(Poem #82) The Solitary Reaper
Behold her, single in the field, Yon solitary Highland Lass! Reaping and singing by herself; Stop here, or gently pass! Alone she cuts and binds the grain, And sings a melancholy strain; O listen! for the Vale profound Is overflowing with the sound. No Nightingale did ever chaunt More welcome notes to weary bands Of travellers in some shady haunt, Among Arabian sands: A voice so thrilling ne'er was heard In spring-time from the Cuckoo-bird, Breaking the silence of the seas Among the farthest Hebrides. Will no one tell me what she sings?-- Perhaps the plaintive numbers flow For old, unhappy, far-off things, And battles long ago: Or is it some more humble lay, Familiar matter of to-day? Some natural sorrow, loss, or pain, That has been, and may be again? Whate'er the theme, the Maiden sang As if her song could have no ending; I saw her singing at her work, And o'er the sickle bending;-- I listened, motionless and still; And, as I mounted up the hill The music in my heart I bore, Long after it was heard no more.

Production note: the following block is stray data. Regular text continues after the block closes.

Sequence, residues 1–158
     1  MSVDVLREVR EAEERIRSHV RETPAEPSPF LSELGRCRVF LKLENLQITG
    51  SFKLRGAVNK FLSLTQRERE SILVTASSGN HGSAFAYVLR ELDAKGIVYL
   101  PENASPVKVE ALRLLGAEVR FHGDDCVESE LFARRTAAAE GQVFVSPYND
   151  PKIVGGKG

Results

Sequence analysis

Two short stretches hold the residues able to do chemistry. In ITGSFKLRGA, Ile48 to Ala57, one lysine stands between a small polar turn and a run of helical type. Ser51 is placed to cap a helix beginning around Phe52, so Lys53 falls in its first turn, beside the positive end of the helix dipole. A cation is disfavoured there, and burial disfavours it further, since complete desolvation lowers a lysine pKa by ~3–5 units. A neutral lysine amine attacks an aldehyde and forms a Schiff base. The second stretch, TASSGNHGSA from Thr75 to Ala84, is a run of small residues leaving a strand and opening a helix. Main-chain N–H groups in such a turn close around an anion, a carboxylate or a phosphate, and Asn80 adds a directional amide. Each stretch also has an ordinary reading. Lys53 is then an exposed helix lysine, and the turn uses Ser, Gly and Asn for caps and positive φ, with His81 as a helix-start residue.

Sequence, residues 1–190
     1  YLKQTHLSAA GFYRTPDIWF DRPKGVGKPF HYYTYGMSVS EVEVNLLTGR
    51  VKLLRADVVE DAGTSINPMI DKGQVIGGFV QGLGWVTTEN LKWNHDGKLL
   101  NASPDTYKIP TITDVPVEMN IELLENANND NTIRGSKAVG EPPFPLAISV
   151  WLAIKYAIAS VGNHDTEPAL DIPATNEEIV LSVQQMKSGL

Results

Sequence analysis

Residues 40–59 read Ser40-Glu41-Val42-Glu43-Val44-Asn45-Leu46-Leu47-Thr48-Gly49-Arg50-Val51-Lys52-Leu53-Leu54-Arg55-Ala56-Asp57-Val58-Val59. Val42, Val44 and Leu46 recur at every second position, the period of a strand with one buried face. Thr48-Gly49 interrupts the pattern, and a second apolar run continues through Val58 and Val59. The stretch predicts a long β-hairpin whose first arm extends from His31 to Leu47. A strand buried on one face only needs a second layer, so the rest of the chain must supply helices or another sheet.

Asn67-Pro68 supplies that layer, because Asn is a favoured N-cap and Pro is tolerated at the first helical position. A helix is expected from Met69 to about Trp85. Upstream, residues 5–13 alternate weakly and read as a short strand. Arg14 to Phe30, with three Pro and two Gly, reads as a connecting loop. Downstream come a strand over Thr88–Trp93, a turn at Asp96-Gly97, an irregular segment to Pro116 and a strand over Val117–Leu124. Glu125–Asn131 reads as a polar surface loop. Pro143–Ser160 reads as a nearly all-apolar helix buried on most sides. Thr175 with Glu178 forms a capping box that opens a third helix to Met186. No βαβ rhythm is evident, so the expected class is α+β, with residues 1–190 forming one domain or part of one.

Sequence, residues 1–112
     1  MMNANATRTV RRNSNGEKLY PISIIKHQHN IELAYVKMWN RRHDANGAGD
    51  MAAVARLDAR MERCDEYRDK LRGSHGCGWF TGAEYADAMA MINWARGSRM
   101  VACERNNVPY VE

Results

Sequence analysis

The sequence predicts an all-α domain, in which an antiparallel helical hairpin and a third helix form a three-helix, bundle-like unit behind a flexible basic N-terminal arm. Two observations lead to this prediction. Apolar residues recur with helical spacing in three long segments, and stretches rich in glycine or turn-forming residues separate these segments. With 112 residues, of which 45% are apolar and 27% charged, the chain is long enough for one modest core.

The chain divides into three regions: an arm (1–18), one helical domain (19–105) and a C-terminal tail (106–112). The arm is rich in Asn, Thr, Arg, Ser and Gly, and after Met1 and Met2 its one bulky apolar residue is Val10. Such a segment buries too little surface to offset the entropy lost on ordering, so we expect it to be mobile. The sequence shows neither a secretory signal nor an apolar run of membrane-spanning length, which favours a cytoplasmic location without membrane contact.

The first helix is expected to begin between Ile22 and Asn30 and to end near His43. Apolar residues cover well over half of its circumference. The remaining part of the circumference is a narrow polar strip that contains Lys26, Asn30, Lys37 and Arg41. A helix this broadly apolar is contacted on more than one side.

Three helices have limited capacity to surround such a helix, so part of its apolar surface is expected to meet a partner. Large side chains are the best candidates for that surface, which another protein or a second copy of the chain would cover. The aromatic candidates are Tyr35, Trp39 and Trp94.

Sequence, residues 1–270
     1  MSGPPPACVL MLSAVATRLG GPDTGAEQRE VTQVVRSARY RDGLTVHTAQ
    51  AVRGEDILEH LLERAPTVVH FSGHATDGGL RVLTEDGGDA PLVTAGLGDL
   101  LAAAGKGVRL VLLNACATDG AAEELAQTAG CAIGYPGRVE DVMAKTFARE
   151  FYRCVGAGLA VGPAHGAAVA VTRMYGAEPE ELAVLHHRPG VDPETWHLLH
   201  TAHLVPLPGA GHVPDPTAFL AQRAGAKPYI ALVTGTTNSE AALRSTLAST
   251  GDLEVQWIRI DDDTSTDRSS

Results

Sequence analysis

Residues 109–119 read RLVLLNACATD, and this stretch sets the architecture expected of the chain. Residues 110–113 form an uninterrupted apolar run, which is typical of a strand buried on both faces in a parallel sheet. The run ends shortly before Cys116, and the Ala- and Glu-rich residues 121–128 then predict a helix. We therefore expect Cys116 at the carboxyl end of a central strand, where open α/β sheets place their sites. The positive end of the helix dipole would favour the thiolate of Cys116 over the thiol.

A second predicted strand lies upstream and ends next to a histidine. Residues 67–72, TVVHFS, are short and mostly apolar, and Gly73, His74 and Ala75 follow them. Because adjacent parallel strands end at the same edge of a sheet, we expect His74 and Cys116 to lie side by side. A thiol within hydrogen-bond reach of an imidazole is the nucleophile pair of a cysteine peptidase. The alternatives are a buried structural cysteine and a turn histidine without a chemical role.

(from Memorials of a Tour in Scotland, 1803) Like many of Wordsworth's best and most memorable poems, this is a sort of snapshot, a poem that strives to recapture a single instance in time and space (compare, for instance, 'Daffodils' and 'Composed Upon Westminster Bridge'). Unsurprising, actually, since it reflects Wordsworth's own philosophy of poetry; i.e, that a poem should be a 'spontaneous overflow of powerful feelings, recollected in tranquility'. The poem itself needs little explanation, but note the memorable quality of phrases like 'stop here, or gently pass', or the wonderful imagery of 'breaking the silence of the seas'. Note also the slightly unusual rhyme scheme, ababccdd, which along with the short fourth line gives the poem a nice rhythmic effect. Notes: Coleridge, Wordsworth, and his sister had visited the Scottish Highlands in 1803. In a note to early editions of the poem Wordsworth recorded his indebtedness to a sentence in his friend Wilkinson's manuscript of his Tours of the British Mountains: "Passed by a Female who was reaping alone; she sang in Erse as she bended over her sickle, the sweetest human voice I ever heard. Her strains were tenderly melancholy, and felt delicious long after they were heard no more." -- Representative Poetry Online <http://library.utoronto.ca/www/utel/rp/poems/wordswor30.html> m.